Willie Rennie experiences many of the same difficulties as Patrick Harvie due to the Scottish Liberal Democrats' status as a minority party (with five MSPs). Rennie has a different approach than Harvie, which works best when it is not personality driven and transcends the partisan divisions of Holyrood politics. His FMQs performances have been somewhat mixed but an example of Rennie at his best can be seen in last week's FMQs when he asked a question about extending early intervention for two-year-olds, which he supported with expert opinion on the matter. The First Minister was unable to answer the question satisfactorily, focusing instead on the government's existing commitment to three and four-year-olds. Rennie's response? To praise the progress made already but to add that "I want to join in the consensus...but we need a bit more commitment. If a two-year-old misses out, they miss out forever. We need a radical change to do more.." To which Salmond was left making comparisons between Scotland and the rest of the UK.
When Rennie's contributions are measured, considered and free from personal attacks he cuts a far more assured figure. It also makes him more effective on a number of levels. Firstly, in regards appearances, he is able to project himself as rational and above the pettiness of party politics. Secondly, when he appeals to pluralism, as he did here, he shows a willingness to co-operate while placing the ball firmly in the SNP's court. Thirdly, he is able to create more difficulties for the SNP and the First Minister via this approach than with the kinds of personality-centred methods that have persistently failed to deliver.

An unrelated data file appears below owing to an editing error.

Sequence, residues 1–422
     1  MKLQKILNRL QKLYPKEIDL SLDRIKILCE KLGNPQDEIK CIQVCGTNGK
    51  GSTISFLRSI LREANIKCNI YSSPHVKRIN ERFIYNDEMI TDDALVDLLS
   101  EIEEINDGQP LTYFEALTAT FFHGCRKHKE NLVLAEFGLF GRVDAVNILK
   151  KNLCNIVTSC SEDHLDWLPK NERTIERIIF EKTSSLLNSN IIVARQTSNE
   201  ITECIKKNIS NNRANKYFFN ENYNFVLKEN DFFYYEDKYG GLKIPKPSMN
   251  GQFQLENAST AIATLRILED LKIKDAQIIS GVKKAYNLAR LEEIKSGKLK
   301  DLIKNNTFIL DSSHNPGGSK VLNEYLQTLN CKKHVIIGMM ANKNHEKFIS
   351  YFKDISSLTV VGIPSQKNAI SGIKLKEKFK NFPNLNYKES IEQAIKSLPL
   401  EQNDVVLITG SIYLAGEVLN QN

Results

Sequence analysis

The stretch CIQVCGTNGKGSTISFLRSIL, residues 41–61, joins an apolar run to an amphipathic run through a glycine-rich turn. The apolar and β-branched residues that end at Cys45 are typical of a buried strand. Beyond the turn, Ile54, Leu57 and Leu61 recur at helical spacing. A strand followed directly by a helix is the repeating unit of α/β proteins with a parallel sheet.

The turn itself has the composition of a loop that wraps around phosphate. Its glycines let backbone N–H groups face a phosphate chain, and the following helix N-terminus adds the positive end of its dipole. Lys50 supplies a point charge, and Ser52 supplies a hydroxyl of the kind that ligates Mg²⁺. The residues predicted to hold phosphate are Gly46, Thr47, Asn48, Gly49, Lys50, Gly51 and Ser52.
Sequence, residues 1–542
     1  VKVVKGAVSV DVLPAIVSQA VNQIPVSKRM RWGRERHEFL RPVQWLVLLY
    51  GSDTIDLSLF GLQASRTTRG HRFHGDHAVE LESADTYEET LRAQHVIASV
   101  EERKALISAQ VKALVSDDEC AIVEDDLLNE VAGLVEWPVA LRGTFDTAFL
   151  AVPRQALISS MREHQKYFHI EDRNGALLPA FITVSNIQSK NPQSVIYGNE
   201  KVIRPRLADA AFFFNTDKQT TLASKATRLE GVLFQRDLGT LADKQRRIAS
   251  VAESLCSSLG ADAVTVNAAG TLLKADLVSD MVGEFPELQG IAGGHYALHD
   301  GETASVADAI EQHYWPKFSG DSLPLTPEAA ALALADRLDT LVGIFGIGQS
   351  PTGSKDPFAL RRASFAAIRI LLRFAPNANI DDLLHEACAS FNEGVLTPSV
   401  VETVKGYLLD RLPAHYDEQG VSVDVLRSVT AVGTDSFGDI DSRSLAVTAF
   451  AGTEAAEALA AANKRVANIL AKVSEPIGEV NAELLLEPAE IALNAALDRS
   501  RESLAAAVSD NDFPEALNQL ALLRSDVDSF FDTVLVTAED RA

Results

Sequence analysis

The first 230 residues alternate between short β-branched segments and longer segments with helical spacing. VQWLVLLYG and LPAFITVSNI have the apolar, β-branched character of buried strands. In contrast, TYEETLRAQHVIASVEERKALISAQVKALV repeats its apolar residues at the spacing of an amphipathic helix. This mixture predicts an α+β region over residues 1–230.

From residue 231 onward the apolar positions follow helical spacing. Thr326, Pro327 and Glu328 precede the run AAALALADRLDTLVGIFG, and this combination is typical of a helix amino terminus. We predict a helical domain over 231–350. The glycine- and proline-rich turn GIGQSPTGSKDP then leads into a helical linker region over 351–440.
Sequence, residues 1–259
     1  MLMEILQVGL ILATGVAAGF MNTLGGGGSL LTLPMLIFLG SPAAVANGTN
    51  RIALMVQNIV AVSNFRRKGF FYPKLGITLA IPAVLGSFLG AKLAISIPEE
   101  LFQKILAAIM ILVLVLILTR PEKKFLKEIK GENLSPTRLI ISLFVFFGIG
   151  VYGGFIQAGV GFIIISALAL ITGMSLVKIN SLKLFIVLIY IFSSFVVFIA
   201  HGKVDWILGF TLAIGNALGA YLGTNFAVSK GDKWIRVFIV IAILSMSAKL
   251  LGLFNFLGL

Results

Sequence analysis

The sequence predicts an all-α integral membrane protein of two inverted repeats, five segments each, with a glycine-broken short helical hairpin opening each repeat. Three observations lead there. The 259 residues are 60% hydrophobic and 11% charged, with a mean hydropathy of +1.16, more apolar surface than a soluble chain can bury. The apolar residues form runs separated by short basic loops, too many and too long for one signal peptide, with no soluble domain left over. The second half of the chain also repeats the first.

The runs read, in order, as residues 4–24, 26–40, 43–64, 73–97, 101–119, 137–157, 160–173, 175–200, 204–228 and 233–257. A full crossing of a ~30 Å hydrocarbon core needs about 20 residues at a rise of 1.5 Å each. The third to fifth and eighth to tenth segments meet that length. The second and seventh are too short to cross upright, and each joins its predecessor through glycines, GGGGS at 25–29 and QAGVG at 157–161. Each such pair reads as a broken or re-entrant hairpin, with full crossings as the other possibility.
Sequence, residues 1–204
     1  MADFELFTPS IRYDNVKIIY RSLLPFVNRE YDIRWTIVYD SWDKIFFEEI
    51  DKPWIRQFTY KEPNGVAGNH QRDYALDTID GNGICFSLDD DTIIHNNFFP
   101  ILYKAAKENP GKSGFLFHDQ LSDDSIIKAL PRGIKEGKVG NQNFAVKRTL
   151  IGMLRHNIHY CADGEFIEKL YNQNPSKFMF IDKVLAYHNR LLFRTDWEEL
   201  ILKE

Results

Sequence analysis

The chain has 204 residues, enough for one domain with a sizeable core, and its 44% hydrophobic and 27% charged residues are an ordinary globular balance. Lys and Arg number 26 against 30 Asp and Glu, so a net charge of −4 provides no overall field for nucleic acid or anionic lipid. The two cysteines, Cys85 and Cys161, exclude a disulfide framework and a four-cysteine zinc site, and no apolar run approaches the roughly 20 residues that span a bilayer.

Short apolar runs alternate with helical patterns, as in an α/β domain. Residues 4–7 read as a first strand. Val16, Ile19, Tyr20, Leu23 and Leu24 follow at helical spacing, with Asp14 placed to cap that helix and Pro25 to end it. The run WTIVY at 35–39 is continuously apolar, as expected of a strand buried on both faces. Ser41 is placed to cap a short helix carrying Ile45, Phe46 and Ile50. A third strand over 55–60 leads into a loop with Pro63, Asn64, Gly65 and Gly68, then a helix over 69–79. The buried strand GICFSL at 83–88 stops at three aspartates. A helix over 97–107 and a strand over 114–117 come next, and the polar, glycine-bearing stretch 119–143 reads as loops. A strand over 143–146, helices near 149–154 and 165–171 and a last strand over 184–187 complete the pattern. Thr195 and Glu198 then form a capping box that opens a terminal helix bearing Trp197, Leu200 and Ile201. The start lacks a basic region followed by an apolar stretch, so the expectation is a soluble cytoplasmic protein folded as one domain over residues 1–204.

Of course, effective opposition goes beyond leaders' performances in FMQs. That really is Labour's problem: Lamont's conference speech has highlighted the divisions within the Labour Party and its ongoing identity crisis. The inability of Labour and the Conservatives to provide the level of opposition democracy demands means that Willie Rennie (and Patrick Harvie) must raise their games. If they are able to provide strong voices, critical where necessary but collaborative where possible, they could forge significant opportunities for their respective parties.
I wrote over a year ago of the need for a liberal renaissance. If that renaissance is to become a reality, then the Scottish Liberal Democrats, and Willie Rennie in particular, have to make opposition work. This is a tough challenge given the limited parliamentary numbers and public identification with the Westminster coalition, but if the quality of Rennie's performance as last week's FMQs is evidence of a new approach to opposition there is every reason to be optimistic.
Certainly, if the attitudes, reason, attention to detail, pragmatism and desire to achieve progressive change that so characterised Rennie's contribution can become hallmarks of the public perception of what our party is, we can be confident that our wider messages will be received more positively. No-one wants to take lectures from arrogant tribalists, no matter how much truth those lectures may contain.
So, in a nutshell, with the principal opposition parties in Holyrood being either in disarray or ineffective, Willie Rennie has to master the art of opposition. It shouldn't be too difficult - after all, isn't opposition what we're supposed to be good at?